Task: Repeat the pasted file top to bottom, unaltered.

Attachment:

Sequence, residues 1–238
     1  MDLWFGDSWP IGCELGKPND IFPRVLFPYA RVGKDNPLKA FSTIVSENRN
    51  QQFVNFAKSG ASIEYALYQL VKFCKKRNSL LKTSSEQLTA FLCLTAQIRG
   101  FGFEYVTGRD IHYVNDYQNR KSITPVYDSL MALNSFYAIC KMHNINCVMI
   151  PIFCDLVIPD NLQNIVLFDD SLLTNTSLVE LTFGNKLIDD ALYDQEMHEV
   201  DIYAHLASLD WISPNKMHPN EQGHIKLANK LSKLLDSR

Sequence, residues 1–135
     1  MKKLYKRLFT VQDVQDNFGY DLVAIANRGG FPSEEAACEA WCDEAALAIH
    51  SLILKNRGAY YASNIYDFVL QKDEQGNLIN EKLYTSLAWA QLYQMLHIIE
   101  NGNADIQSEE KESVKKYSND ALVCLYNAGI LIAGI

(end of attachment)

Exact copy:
Sequence, residues 1–238
     1  MDLWFGDSWP IGCELGKPND IFPRVLFPYA RVGKDNPLKA FSTIVSENRN
    51  QQFVNFAKSG ASIEYALYQL VKFCKKRNSL LKTSSEQLTA FLCLTAQIRG
   101  FGFEYVTGRD IHYVNDYQNR KSITPVYDSL MALNSFYAIC KMHNINCVMI
   151  PIFCDLVIPD NLQNIVLFDD SLLTNTSLVE LTFGNKLIDD ALYDQEMHEV
   201  DIYAHLASLD WISPNKMHPN EQGHIKLANK LSKLLDSR

Sequence, residues 1–135
     1  MKKLYKRLFT VQDVQDNFGY DLVAIANRGG FPSEEAACEA WCDEAALAIH
    51  SLILKNRGAY YASNIYDFVL QKDEQGNLIN EKLYTSLAWA QLYQMLHIIE
   101  NGNADIQSEE KESVKKYSND ALVCLYNAGI LIAGI